Universal Lander

X-33 SSTO spacecraft (NASA image)

X-33 SSTO spacecraft (NASA image)

The Gen1 Enterprise will serve as a spaceport for spacecrafts that leave the Enterprise and land on Earth, the moon, or Mars. So rather than develop a different landing craft for each case, it is desirable to develop one craft that can handle all three destinations. This is called the Universal Lander.

The Universal Lander can depart from the Enterprise and land on the Earth, the moon, or Mars – but it can also launch from the Earth, the moon, or Mars and return to the Enterprise. More broadly, the idea of the Universal Lander is to create a super-robust spacecraft that can fly and land anywhere in our solar system that is hospitable to human visitors.

The Universal Lander is a SSTO (Single Stage to Orbit) type spacecraft. This means that it can launch from the Earth, the moon, or Mars with only the rockets and fuel within the craft. Thus there are no add-on external fuel tanks or boosters that are jettisoned during a launch of the Universal Lander like has long been a familiar sight when watching launches of spacecrafts carrying humans. An example of an SSTO was the X-33 spacecraft (shown in the image) that was canceled by NASA in 2003 just before flight testing was to begin. There are also many other SSTO crafts being investigated today (like the Skylon), although funding is very low.

When on Earth, the Universal Lander works like an airplane. You fuel it up, and it flies to its destination. After getting there it only needs to be re-fueled before makings its next trip.

SSTO spacecraft are used to improve reliability, reduce maintenance, increase safety, and reduce costs. All of these are good reasons to pursue a SSTO type craft when developing the Universal Lander.

Designing the Universal Lander so that it can land on or launch from Earth, the moon, or Mars presents unique engineering challenges. For one, the Earth has an atmosphere while the moon does not. And Mars has a very thin atmosphere compared to Earth. Thus the flight characteristics of the Universal Lander will be very different when flying in each place. Providing versatility in flight must be a driving principle during the development of the Universal Lander.

In the spirit of versatility, the Universal Lander can land in three different ways:

  1. Glide unpowered to land on an airstrip like the space shuttle when on Earth.
  2. A powered landing on to an airstrip like an airplane when on Earth or on Mars.
  3. Thrusters deploy to enable a vertical landing whether on the Earth, the moon, or Mars.

The Universal Lander can take off two different ways:

  1. Horizontal takeoff using a runway like an airplane when on Earth or on Mars.
  2. Vertical takeoff by using vertical thrusters and then engaging the horizontal engines to make an angled ascent upwards whether on the Earth, the moon, or Mars. (This is similar to a Harrier jet takeoff.)

The Universal Lander can fly around like a plane whether on Earth, the moon, or Mars. When on Earth, it can fly very efficiently in terms of fuel usage because there is a thick atmosphere to provide lift to its wings. It can take off and land at commercial airports. On Mars it can get some lift from its wings too, but not a lot. Thus on Mars the wings are used, but also the vertical thrusters may often need to be engaged even during horizontal flight. On the moon, the wings are immaterial since there is no air that strikes them to create lift. In this case the craft is moved solely by the vertical thrusters and horizontal engines.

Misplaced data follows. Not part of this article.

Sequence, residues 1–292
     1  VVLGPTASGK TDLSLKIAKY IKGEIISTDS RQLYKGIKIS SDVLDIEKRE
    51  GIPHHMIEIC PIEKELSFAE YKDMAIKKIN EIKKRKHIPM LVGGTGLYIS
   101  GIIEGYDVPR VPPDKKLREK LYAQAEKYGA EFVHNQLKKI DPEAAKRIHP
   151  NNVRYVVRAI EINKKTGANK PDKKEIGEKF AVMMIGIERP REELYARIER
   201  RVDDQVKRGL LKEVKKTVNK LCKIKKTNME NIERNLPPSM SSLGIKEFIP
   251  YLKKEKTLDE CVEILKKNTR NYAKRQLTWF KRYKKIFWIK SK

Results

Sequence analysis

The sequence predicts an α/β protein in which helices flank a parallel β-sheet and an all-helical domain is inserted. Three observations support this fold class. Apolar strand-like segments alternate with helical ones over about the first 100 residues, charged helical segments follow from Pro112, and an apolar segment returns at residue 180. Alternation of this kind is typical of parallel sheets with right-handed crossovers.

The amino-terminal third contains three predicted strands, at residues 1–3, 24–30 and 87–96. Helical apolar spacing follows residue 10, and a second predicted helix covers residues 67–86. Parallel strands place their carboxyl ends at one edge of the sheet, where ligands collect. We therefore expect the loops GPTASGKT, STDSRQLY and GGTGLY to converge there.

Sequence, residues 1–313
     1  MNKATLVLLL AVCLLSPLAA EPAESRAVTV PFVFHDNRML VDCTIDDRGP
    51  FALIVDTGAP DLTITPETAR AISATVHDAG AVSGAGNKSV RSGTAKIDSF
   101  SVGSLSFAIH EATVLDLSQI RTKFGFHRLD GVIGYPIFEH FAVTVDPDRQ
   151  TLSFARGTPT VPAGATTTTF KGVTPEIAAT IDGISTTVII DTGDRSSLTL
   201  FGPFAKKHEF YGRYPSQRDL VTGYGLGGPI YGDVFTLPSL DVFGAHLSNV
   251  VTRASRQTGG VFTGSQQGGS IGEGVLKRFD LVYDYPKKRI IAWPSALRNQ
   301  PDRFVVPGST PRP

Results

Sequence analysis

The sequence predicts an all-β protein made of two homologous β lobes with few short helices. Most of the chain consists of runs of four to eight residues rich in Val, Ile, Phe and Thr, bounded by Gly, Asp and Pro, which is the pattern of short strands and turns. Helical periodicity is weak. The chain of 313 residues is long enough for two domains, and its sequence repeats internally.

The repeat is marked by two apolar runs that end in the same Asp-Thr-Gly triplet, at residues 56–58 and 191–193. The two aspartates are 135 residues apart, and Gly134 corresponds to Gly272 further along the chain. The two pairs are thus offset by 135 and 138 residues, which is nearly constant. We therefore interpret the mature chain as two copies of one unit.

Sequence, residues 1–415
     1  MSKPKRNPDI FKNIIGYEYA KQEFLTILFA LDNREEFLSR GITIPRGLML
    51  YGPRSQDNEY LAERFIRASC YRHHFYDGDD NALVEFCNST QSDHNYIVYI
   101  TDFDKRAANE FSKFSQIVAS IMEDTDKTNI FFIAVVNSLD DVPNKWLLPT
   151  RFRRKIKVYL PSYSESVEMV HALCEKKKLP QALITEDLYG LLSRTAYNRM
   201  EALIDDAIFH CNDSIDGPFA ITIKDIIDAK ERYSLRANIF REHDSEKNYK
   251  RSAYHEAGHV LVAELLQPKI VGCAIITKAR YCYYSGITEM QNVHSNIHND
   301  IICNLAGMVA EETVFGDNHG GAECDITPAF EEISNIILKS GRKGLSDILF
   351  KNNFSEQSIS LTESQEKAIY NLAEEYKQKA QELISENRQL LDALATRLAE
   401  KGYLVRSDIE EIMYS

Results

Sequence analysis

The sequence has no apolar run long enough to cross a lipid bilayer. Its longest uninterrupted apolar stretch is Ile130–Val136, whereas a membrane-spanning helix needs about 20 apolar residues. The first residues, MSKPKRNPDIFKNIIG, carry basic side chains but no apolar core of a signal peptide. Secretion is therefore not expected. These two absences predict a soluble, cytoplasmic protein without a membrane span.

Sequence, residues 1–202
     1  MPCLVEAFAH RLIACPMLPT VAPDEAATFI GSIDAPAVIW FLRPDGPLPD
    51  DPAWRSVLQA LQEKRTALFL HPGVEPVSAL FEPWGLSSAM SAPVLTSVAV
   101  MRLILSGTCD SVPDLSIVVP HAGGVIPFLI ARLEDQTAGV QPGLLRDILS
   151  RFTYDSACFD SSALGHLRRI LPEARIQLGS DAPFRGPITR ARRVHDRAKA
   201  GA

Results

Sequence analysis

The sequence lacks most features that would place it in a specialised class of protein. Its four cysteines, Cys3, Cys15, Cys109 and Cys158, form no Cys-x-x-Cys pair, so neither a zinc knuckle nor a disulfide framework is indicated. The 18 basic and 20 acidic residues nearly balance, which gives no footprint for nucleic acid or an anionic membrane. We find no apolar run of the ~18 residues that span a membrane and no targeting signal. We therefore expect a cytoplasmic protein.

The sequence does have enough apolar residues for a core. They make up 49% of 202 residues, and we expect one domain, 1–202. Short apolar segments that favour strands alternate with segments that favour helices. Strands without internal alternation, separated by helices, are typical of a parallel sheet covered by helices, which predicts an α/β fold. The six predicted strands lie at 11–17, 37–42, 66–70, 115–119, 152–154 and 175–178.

Because the Universal Lander can take off and land horizontally, it is referred to as a HTOL (Horizontal Take-Off and Landing) spacecraft. Thus the Universal Lander is both a SSTO and HTOL spacecraft.

But, because the Universal Lander can optionally take off and land vertically, it is also a VTOL (Vertical Take-Off and Landing) spacecraft.

The Universal Lander is therefore a SSTO, a HTOL, and a VTOL all in one; it can launch, fly, and land in numerous orientations. It can fly at very high speed when needed, such as when leaving Earth to go into orbit. But it can also fly at very slow speeds when needed. Thus the Universal Lander is the ultimate flexible flying machine whether near the surface of Earth, moon, or Mars or when out in space.

The Universal Lander is limited in its range due to its fuel tank capacity. However, if refueled along the way, the Universal Lander could fly all the way from Earth to the moon – land on the moon – and then fly back and land on Earth. This may not be a practical mission, but the Universal Lander has this capability.

The Universal Lander can also fly into the upper atmosphere of Venus. It can descend down to about 30 miles above the surface.  It cannot go lower than this because the temperature on the surface of Venus is 1000 degrees F. Designing the Universal Lander to withstand 1000deg F is likely too difficult of a goal for the first generation of the Universal Lander. It will be plenty challenging enough achieving the Universal Lander’s distinctively versatile flight capabilities.

Finally, an SSTO, to be possible, must have a very high mass ratio (ratio of the propellant mass to the ship’s structural mass). This means that the ship’s structure and contents must be very lightweight. The mass ratio needs to be between about 10 to 25 (i.e. 24 parts propellant mass to 1 part structural mass).To support this requirement, the Universal Lander will carry, besides humans, very little payload. A payload carrying capacity of just 10,000 pounds or so should be adequate. Any large cargoes, such as base-building equipment that must be sent down to a planet or moon, will be sent down using robotic landers instead of using the human-carrying Universal Landers.